If cells divided without telomeres, they would lose the ends of their chromosomes, and the necessary information they contain. The telomeres are disposable buffers blocking the ends of the chromosomes and are consumed during cell division and replenished by an enzyme, the telomerase reverse transcriptase. This may be invoked on with life-style (2008, Dean Ornish - our genes are not our fate (video), they can be changed) et al.. Vitamin D may also slow the shortening of the telomer. Vitamin D is a potent inhibitor of the proinflammatory response. It may also be considered a hormone. We can increase telomerase-levels and switch on good genes or inhibit the telomer-eroding? Telomerase is ubiquitously expressed only during the first weeks of embryogenesis, and is subsequently downregulated (?) in most cell types in humans.
Oxidative stress and accumulating reactive oxygen species (ROS) lead to an increased telomere shortening due to a less efficient repair of SSB in telomeres.

Telomeres can be seen as natural double-strand breaks (DSB), specialized structures which prevent DSB repair and activation of DNA damage checkpoints. Telomerase is the natural enzyme which promotes telomere repair. It is however not active in most cells. It certainly is active though in stem cells, germ cells, hair follicles and (worryingly) in 90 percent of cancer cells. The more a cell divides the more prune to get a cancer. Sometimes a cancer cell is said to be 'degenerated' meaning a more primitive stage - more like a stem cell.

Telomeres act as a sort of time-delay "fuse" or "buffer", eventually running out after a certain number of cell divisions and resulting in the eventual loss of vital genetic information from the cell's chromosome with future divisions. Telomeres protect a cell's chromosomes from fusing with each other or rearranging (mutate) — abnormalities that can lead to cancer — and so, cells are destroyed when their telomeres are consumed (apoptosis).

Most cancers are the result of "immortal" (primitive) cells that have ways of evading this programmed death (apoptosis). Malignant cells that bypass this blocked celldivision and become immortalized by telomere extension due mostly to the activation of telomerase, the reverse transcriptase enzyme responsible for synthesis of telomeres. However, 5–10% of human cancers activate the Alternative Lengthening of Telomeres (ALT) pathway (mesenchymal origin), which relies on recombination-mediated elongation. In research they can activate the production of telomerase in cells that do not usually produce this enzyme.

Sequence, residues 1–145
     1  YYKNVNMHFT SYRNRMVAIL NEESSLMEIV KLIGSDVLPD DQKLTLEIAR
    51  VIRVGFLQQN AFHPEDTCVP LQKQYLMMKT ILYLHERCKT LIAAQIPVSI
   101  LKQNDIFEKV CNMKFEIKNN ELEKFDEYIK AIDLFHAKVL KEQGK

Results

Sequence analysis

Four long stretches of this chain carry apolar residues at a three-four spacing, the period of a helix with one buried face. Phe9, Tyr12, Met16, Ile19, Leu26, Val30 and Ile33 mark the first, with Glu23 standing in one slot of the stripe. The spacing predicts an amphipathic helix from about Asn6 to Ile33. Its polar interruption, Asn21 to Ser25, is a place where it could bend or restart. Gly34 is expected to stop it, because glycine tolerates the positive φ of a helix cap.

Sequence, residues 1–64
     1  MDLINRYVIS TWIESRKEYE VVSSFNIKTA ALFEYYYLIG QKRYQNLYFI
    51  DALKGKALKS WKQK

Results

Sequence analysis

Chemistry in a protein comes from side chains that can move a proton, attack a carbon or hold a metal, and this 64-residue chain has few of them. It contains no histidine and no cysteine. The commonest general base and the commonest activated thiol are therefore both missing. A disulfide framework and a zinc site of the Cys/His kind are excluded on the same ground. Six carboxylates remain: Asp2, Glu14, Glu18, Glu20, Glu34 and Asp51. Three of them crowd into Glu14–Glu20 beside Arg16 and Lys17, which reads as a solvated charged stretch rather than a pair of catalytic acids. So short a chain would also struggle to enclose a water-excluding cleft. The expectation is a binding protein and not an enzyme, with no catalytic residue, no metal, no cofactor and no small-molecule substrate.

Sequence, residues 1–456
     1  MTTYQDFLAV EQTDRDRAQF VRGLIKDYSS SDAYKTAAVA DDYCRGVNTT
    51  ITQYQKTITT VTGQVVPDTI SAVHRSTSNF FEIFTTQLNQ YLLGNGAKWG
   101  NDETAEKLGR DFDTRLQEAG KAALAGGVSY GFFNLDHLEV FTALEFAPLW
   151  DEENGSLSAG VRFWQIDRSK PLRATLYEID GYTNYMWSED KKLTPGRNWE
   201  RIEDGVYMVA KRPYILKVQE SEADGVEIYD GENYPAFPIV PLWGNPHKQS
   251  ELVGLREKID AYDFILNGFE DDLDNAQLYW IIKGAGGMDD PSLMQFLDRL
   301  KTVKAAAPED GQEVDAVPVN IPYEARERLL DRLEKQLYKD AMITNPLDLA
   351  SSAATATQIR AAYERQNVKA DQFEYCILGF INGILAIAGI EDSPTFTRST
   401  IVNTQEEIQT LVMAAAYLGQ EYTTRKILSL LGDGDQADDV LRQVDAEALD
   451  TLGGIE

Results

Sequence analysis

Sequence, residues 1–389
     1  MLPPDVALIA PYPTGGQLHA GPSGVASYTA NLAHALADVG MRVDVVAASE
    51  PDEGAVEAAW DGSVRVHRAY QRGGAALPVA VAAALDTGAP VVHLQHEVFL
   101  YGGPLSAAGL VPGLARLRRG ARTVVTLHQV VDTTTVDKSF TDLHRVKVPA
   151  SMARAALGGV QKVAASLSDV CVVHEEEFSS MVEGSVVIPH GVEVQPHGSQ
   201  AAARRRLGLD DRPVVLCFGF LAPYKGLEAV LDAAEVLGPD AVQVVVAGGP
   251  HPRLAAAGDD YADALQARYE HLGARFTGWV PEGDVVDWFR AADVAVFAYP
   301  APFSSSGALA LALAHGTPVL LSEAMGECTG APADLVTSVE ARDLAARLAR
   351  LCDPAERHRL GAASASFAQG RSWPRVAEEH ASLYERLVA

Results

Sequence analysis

Age and lifestyle.
Short telomeres trigger DNA damage checkpoints, which mediate cellular senescence.
Human somatic cells lacking telomerase gradually lose telomeric sequences, which involves p53 (detoxification, cytochrome-pathway, immunosystem) and pRb pathways (retinoblastoma protein, proliferation, cell cycle, immunoregulation) and leads to the arrest of cell proliferation (regulating progression through the mammalian cell cycle, suppression of emergence of cancer). High levels of the cyclin-dependent kinase inhibitor p16 mediate G1 arrest (and also cdc-proteins) in senescence, by regulation from phosphorylation. Alterations in other cell cycle regulatory genes also mediates senescence. All of these genes encode putative tumor suppressor proteins. Also RAS-cell lines are involved. Fibroblasts are also very important. Developement, tumors and proliferation are invoked on.

However, further cell proliferation can be achieved by inactivation of p53 and pRb pathways = expression of DNA tumor virus oncoproteins. Cells entering proliferation after inactivation of p53 and pRb pathways undergo crisis. Crisis is characterized by gross chromosomal rearrangements and genome instability, and almost all cells die. Rare cells emerge from crisis immortalized = cancerous.